Now, don’t get me wrong – I greatly enjoyed Gareth Edwards’ 2014 re-boot of the Hollywood Godzilla franchise. While it was most certainly not perfect, it captured enough of the essence of the history of the pop culture icon to be moving and compelling. However, anyone that truly wants to experience the phenomenon of Godzilla has to have an appreciation of the original Toho movies, and the Japanese studio has now released a teaser trailer for its first Godzilla movie in a decade – Godzilla: Resurgence.

Godzilla first appeared in Ishiro Honda’s movie, Godzilla, in 1954, and has since gone on to star in 28 films for Toho. Godzilla: Resurgence will be the 29th instalment in the fan favourite franchise, which is built around this enormous, misunderstood, prehistoric creature that appears from the sea having been awakened by nuclear radiation. He has been the bad guy, and he has been the hero,
See full article at We Got This Covered »

Round-Up: New York Haunted Hayride, Tales From Beyond The Pale at Fantasia, Kaiju Movie Marathon

Now expanding to the Big Apple, the New York Haunted Hayride will take place on October 2nd. Also: details on both Tales from Beyond the Pale at Fantasia International Film Festival and a kaiju marathon of Godzilla-sized proportions on Shout! Factory TV.

New York City Haunted Hayride: Press Release: "Ten Thirty One Productions (Tto), the worldwide leader in producing live horror attractions, will expand the most popular Halloween attraction in the country, Los Angeles Haunted Hayride, to New York City this October for the first time ever. The wildly popular attraction, annually held in Los Angeles, led Mark Cuban to make the largest investment in “Shark Tank” history as well as a second investment by Live Nation. Tto will now be bringing its biggest and best scares from seven years of haunting the west coast to the east coast for the most horrifying experience in town.

“This expansion to
See full article at DailyDead »

Directors Announced for Toho’s New Godzilla Movie

Since the radioactive reptile made his debut in Ishiro Honda's 1954 film, Godzilla, Japan's Toho has distributed nearly 30 films featuring the gargantuan creature, but they haven't released one in the last decade. Spurred on by the international success of Warner Bros. and Legendary's 2014 Godzilla movie, Toho late last year announced a new Godzilla movie and now they've attached two directors to the film.

The Good, The Bad, and Godzilla reports that Hideaki Anno and Shinji Higuchi will co-helm Toho's new Godzilla film, the first franchise entry from the company since 2004's Godzilla: Final Wars. In addition to co-directing, Anno will pen the screenplay, while Higuchi will supervise the film's VFX.

Plot details for the new Godzilla movie are unknown at this time, but the project is expected to begin filming this fall with an eye on a summer 2016 release in Japan.

Anno and Higuchi have worked together before, having collaborated on the 2012 animated short,
See full article at DailyDead »

New Godzilla Movie Coming from Toho in 2016

  • DailyDead
Since the radioactive reptile made his debut in Ishiro Honda’s 1954 film, Godzilla, Japan’s Toho has distributed nearly 30 films featuring the gargantuan creature, but they haven’t released one in the last decade. Spurred on by the international success of Warner Bros. and Legendary’s 2014 Godzilla movie, that drought should end come 2016, as Toho has announced they are developing a new Godzilla movie.

According to The Good, The Bad, and Godzilla, the folks at Toho plan to shoot the new, yet-to-be-titled Godzilla movie next summer and have set their eyes on a 2016 release date. No names have been announced for either side of the camera, but the screenplay is currently being worked on.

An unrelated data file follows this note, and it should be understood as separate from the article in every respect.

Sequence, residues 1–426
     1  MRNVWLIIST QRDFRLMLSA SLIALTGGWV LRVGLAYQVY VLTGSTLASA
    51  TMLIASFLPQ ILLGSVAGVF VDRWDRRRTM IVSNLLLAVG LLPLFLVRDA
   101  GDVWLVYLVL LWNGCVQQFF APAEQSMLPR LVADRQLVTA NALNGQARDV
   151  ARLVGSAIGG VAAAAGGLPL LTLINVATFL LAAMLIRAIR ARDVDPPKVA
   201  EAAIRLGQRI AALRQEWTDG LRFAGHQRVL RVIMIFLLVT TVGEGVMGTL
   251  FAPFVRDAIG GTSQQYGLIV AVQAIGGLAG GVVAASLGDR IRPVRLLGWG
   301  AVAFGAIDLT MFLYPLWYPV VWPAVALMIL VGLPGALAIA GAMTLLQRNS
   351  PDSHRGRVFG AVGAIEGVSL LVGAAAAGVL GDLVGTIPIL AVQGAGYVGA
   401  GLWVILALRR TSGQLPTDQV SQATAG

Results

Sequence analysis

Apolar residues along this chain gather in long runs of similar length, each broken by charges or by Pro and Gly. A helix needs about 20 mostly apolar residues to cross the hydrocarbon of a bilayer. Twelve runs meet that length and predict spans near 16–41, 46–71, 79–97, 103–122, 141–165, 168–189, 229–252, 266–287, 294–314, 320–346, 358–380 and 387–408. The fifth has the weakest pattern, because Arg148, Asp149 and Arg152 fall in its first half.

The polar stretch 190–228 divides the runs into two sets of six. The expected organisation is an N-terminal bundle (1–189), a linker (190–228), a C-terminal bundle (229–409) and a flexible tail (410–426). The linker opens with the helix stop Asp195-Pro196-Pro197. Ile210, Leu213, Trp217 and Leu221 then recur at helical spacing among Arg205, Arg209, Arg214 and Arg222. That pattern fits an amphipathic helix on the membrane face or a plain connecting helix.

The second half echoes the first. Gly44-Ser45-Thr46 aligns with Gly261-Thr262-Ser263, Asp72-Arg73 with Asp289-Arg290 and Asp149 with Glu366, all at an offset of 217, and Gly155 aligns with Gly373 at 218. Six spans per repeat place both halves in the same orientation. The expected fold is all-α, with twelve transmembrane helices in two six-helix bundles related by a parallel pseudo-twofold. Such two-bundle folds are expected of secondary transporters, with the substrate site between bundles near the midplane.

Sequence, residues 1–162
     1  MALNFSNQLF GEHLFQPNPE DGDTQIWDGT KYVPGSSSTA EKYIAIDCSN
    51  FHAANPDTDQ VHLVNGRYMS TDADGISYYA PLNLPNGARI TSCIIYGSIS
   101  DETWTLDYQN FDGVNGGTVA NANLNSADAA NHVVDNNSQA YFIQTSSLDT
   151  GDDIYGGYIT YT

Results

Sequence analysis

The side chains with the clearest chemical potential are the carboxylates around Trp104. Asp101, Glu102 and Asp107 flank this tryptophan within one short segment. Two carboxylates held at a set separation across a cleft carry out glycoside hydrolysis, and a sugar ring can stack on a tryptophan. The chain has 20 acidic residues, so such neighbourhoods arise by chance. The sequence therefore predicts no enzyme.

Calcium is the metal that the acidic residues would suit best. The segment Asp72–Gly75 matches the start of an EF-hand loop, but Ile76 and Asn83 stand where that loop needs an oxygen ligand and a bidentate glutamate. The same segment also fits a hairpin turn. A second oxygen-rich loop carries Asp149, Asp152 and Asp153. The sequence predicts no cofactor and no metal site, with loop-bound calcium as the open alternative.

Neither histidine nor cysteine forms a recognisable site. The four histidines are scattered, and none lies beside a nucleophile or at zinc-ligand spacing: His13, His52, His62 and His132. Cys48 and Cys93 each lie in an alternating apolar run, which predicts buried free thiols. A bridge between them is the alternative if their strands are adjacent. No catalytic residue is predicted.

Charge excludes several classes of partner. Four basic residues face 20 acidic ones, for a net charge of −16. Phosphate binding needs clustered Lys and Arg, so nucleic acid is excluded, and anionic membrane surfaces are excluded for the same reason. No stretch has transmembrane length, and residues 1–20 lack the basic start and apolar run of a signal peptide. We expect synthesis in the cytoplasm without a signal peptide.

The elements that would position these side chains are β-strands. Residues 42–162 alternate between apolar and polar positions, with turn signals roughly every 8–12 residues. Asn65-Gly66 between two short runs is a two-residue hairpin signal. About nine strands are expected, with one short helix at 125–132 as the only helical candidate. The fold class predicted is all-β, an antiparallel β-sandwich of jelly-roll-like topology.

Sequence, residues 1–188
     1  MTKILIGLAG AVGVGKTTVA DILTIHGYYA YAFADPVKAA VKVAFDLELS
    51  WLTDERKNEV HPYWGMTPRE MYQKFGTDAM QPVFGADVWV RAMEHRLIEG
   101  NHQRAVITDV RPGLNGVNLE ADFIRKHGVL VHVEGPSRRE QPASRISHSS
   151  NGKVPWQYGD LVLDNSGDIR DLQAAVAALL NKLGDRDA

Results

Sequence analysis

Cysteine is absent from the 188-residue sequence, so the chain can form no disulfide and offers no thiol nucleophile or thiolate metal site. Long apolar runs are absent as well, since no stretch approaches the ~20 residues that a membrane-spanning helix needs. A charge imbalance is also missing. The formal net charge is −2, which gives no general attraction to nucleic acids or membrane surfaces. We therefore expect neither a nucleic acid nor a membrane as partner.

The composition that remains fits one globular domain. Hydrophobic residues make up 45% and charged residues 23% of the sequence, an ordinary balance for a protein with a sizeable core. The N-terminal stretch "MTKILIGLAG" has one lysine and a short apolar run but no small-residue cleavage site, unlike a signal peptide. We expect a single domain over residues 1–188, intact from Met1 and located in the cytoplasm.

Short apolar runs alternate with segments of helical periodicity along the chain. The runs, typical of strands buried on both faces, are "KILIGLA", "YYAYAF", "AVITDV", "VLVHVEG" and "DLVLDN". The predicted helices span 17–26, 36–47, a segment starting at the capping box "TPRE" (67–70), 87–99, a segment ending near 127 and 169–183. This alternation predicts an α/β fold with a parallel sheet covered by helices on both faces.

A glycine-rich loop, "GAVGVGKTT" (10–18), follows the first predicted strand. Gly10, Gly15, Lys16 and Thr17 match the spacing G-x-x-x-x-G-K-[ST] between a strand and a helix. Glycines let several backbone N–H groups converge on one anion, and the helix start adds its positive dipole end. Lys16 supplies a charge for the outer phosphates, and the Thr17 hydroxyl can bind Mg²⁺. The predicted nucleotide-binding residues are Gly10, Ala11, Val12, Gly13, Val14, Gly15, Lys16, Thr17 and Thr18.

To promote Godzilla via film and other means in the wake of Warner Bros. and Legendary’s smash-hit Godzilla film that was released in May and brought in over $500 million worldwide, Toho has assembled a team
See full article at DailyDead »

60 Years of Godzilla: A History and Critique of the Greatest Monster Movie Series in Cinema

**Massive spoilers for every Godzilla movie, with the exception of the 2014 reboot, and Mothra follow**

August 6th and 9th, 1945 forever changed the course of history. When the first nuclear bombs were dropped in Hiroshima and Nagasaki, Japan, World War II ended, but a new fear was born that dominated the thoughts of all men, women, and children for decades to come. The Cold War, atomic bomb testing, a cartoon turtle telling children to “duck and cover”, and this new technology that had the actual potential to literally end the world changed the perception of what was scary. Art reflects life, so cinema began to capitalize on these fears. Gone were the days of creepy castles, cobwebs, bats, vampires, werewolves, and the other iconic images that ruled genre cinema in film’s earliest decades. Science fiction was larger than ever and giant ants, giant octopi, terror from beyond the stars, and
See full article at SoundOnSight »

‘Godzilla’ Blu-ray Review

Stars: Bryan Cranston, Elizabeth Olsen, Aaron Taylor-Johnson, Ken Watanabe, Sally Hawkins, Juliette Binoche, David Strathairn | Written by Max Borenstein, Dave Callaham | Directed by Gareth Edwards

Godzilla is a movie that everyone has heard about, even if they have never seen it. There have been so many manifestations of Godzilla in cinema, from the original 1954 version, to his battles with Mothra, Mechagodzilla and Hedorah, to the terrible 1998 Roland Emmerich version, to this one, 2014’s Godzilla, directed by Monsters director Gareth Edwards.

I was excited about this film since first hearing about it last year, and have been following its progression over the past few months as casting and further details were announced. When the first trailer arrived on the scene a few months ago I was further intrigued, and by the time the film was released this week, I was thoroughly anticipating the re-emergence of one of cinemas most famous monsters.
See full article at Blogomatic3000 »

Monster Movie Mondays – King Kong Escapes (1967)

Monster Movie Mondays looks at King Kong Escapes

Director: Ishiro Honda

Release date: 1967

Also released as: King Kong, Frankenstein’s Son (Germany)

Appearing kaiju: King Kong, Mechani-Kong, Gorosaurus

In the early 1960s, Toho struck a deal with American producer John Beck (who was representing Willis O’Brian) to make a movie based on the King Kong character which would end up being 1962’s King Kong vs. Godzilla. The film was one of the most successful entries in the Godzilla franchise and is a beloved movie by fans of the King of the Monsters. Toho were keen to produce another Kong movie while they still had the rights and the character was set to star in Ebirah, Horror of the Deep only to be replaced with Godzilla as the movie rolled into production. He would return to screens though in the 1967 movie, King Kong Escapes.